The Biden administration, however, is defending its efforts in South Asia, doubling down on its position that pulling troops from Afghanistan was the right move and that the Taliban's offensive was inevitable.

Secretary of State Antony Blinken argued on Sunday that the insurgent group's takeover of Afghanistan would have occurred even if U.S. forces remained on the ground. 

“The idea that the status quo could have been maintained by keeping our forces there, I think, is simply wrong," he told CNN's Jake Tapper.

He continued, contending that the U.S. “would have been back at war with the Taliban” had American forces remained engaged in Afghanistan.

The secretary also pushed back on comparisons between the situation in Afghanistan and the fall of Saigon. When asked by Tapper if the U.S. is “already in the midst of a Saigon moment,” Blinken responded, “No, we’re not.”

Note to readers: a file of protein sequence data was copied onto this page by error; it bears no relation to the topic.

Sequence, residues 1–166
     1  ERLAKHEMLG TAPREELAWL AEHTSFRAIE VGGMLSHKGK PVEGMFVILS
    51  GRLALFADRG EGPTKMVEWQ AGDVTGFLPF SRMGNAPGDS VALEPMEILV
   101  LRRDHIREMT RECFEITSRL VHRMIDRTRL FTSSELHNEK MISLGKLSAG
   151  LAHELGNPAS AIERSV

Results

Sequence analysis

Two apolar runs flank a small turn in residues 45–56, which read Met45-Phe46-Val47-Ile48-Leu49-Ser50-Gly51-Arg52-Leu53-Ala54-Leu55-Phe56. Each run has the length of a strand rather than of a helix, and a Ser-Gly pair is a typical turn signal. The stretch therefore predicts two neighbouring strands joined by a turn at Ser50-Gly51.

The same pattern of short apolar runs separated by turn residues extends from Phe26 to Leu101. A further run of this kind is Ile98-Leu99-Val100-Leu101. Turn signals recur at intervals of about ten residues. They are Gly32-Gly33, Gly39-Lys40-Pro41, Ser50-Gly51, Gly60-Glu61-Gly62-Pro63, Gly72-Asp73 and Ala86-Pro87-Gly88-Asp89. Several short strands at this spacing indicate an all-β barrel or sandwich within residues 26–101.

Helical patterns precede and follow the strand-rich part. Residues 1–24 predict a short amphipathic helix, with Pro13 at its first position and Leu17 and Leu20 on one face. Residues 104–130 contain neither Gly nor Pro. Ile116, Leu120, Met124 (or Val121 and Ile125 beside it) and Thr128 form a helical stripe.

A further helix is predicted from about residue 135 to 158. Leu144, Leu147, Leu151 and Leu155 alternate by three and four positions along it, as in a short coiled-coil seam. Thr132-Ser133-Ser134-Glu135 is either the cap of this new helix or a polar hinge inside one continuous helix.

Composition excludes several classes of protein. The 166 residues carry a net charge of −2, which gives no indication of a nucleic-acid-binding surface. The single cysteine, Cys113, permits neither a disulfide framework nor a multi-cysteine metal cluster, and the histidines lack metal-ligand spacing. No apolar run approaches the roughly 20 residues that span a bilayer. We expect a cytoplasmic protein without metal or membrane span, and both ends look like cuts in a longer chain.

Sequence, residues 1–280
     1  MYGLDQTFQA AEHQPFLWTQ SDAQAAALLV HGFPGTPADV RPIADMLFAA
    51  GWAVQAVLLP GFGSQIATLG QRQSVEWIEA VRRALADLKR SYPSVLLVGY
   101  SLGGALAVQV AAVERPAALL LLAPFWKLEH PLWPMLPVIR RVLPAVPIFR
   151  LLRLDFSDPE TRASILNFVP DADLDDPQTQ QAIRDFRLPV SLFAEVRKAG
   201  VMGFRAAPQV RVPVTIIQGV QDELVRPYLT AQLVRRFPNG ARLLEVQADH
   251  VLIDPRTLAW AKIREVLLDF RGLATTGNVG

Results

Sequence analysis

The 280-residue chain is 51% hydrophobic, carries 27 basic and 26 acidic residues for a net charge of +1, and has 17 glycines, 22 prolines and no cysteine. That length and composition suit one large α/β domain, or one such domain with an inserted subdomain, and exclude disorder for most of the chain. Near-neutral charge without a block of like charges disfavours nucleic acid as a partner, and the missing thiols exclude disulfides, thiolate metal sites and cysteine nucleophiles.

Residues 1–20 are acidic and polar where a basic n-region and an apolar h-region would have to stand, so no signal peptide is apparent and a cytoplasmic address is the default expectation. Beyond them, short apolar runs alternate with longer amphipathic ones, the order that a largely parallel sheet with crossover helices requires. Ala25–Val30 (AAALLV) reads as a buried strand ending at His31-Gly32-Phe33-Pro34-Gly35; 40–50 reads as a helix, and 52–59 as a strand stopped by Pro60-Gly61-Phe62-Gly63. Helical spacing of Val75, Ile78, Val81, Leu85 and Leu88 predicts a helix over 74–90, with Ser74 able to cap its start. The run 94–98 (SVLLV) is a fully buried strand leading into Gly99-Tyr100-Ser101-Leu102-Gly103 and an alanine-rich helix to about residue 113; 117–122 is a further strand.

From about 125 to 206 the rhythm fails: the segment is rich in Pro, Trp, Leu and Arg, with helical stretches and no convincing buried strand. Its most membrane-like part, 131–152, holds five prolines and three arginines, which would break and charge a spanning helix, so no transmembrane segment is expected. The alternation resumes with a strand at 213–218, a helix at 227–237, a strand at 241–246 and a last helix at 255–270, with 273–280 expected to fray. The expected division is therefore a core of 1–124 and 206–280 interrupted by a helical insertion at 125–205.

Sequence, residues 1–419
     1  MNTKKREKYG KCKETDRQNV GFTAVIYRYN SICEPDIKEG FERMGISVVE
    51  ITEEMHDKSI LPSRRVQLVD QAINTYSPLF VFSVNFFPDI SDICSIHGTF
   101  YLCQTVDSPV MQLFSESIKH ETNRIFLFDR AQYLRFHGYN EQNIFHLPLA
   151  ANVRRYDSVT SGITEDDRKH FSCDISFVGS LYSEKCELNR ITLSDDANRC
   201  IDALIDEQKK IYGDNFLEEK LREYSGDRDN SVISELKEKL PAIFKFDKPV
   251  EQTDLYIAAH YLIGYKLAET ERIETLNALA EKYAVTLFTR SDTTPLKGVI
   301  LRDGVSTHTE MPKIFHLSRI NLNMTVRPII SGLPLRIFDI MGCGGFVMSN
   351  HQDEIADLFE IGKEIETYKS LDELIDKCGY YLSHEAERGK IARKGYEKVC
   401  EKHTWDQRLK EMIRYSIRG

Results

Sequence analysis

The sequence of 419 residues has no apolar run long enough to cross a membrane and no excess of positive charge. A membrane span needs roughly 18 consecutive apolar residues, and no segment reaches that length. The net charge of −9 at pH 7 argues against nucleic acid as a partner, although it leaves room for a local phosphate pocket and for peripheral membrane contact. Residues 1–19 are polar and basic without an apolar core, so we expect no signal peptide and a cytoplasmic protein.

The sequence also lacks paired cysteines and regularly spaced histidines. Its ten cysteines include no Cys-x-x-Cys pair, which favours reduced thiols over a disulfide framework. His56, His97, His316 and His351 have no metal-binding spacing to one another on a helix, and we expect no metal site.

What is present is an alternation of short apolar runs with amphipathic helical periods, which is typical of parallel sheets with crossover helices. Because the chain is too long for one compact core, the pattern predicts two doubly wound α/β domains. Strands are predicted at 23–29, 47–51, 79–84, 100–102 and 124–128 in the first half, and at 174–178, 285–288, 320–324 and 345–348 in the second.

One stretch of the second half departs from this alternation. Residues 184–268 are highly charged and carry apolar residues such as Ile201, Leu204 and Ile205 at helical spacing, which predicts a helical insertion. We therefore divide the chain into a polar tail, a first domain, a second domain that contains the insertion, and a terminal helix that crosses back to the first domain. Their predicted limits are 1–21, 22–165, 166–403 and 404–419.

“Remember, this is not Saigon,” he said, adding that the U.S. completed its mission to “deal with the folks who attacked us on 9/11” and that it “succeeded in that mission.”

Blinken did, however, recognize that Afghan forces were “unable to defend the country,” and the Taliban takeover “happened more quickly than we anticipated."

Biden was silent on the situation Sunday, but he had sounded a similar note on Saturday night, writing in a statement that additional years of U.S. military presence in Afghanistan “would not have made a difference if the Afghan military cannot or will not hold its own country.”

“And an endless American presence in the middle of another country’s civil conflict was not acceptable to me,” he added.